“Employee engagement and wellness are finally taking center stage in the business world. For too long, they have been viewed as the responsibility of the HR department and not an integral part of business strategy.”
We applaud the tremendous progress in terms of employee engagement. But what if the word itself, “engagement”, is flawed?
As the quote above states, employee engagement is becoming a high priority. Leaders are starting to realize the importance of measuring and acting on insights relating to the engagement of their employees -- because it’s frankly, good for business.
But think about the word “engagement” for a second. How do you interpret the word? What does it say to you? Does it put the employee, or, the company at the centre? We argue that the company is the focal point, not the people who are driving the company forward.
If you look up the word “engagement” in the Cambridge dictionary it states:
“the process of encouraging people to be interested in the work of an organization”
Let that sentence sink in for a second. What does it convey? To us, it’s about the organization encouraging someone to be interested in the work. The company encourages you to do stuff. There’s definitely something positive about that. But it also resonates that the responsibility to encourage lies on the organization, rather than the individual. We argue that the individual has responsibility in this, just like the organization.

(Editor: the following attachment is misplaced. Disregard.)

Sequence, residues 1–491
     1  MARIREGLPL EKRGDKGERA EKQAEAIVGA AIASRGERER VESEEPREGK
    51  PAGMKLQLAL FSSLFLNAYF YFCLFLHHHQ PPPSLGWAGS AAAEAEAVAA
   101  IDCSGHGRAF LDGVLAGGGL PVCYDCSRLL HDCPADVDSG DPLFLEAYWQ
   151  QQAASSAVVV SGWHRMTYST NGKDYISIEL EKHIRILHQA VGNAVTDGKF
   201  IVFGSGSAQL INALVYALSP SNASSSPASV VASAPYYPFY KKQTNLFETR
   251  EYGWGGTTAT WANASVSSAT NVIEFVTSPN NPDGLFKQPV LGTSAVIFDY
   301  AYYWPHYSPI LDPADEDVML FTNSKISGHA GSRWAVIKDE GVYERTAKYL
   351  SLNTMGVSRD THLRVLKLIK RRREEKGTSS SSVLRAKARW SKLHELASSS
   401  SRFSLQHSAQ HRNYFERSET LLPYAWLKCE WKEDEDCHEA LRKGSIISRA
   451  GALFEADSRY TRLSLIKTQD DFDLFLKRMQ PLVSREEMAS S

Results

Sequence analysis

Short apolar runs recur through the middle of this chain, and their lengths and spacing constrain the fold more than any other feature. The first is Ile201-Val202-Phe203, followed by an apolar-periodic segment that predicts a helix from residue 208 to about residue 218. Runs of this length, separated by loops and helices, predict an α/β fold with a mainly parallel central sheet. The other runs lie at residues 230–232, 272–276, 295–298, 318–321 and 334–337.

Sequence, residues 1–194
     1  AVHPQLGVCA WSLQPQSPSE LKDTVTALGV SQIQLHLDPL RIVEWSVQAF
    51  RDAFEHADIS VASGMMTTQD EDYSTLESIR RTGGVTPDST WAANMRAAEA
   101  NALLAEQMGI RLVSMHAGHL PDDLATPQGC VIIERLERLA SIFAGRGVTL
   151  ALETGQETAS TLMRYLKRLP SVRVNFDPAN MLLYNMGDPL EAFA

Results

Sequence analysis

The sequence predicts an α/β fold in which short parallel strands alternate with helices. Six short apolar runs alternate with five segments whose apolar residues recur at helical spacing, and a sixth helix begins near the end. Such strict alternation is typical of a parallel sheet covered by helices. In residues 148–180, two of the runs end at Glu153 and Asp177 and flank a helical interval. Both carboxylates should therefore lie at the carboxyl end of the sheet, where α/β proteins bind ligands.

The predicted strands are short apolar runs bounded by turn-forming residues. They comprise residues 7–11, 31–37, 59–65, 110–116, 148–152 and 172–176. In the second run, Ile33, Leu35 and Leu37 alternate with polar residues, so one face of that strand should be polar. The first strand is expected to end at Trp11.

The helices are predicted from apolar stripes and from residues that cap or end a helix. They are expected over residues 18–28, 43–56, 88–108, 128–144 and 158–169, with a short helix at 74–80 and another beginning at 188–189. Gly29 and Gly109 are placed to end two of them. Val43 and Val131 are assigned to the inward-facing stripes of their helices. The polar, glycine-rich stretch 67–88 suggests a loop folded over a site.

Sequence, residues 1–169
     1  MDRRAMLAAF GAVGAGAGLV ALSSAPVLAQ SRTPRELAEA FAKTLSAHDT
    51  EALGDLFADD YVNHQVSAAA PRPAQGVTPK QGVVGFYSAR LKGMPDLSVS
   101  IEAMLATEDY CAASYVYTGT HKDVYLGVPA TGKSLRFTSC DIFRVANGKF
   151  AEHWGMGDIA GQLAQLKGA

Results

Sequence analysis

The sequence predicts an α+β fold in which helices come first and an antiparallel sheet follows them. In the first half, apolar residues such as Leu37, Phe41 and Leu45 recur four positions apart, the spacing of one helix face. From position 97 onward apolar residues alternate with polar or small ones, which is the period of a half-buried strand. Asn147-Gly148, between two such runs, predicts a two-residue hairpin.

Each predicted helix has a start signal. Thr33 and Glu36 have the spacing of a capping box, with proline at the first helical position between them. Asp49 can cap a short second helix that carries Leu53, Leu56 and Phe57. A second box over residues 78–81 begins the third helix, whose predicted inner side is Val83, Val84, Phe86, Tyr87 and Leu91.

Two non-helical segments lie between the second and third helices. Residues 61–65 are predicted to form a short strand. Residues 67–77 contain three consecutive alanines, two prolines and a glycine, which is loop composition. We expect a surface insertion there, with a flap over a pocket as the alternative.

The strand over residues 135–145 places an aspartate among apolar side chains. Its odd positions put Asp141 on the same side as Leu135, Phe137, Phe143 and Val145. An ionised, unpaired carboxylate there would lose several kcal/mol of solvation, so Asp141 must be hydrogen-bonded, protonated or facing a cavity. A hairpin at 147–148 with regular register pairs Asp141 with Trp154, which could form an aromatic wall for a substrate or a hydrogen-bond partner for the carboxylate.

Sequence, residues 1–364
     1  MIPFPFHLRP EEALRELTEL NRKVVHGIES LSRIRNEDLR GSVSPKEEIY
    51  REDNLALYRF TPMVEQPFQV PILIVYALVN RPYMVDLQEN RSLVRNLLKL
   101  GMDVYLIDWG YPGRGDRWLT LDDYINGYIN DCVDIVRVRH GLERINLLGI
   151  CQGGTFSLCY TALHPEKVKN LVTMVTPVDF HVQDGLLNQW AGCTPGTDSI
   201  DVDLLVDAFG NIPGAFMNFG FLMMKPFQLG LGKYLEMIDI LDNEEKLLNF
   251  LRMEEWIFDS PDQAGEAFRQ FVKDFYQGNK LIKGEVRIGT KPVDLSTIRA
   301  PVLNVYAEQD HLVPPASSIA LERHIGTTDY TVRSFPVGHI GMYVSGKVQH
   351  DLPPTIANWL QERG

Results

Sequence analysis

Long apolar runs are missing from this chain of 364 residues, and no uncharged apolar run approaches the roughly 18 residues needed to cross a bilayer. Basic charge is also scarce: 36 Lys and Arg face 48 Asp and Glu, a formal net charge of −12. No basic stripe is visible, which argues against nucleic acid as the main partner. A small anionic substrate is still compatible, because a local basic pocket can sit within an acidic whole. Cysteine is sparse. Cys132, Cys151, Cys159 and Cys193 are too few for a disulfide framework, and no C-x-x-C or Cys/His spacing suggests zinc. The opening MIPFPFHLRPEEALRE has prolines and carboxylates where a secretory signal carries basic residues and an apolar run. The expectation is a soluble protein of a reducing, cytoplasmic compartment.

If you’re an employee, you’re part of a value exchange. You do work, which brings value to the organization through its customers. And in turn, you receive value back through your paycheck and other benefits.
Imagine, by contrast, that there was another term, a term that connotes a value exchange, a positive loop, a win-win situation. We believe that “employee happiness” is that term. To put it simply, if employees are happy, the company will be happy.
Our argument is that if people are happy at work, they will be engaged, productive and innovative. There is plenty of science supporting this argument. If people are happy at work, they will bring more value to the organization: a positive loop.
So, our call to action to you: rather than focusing on engagement, concentrate on happiness. You will be surprised by the results.
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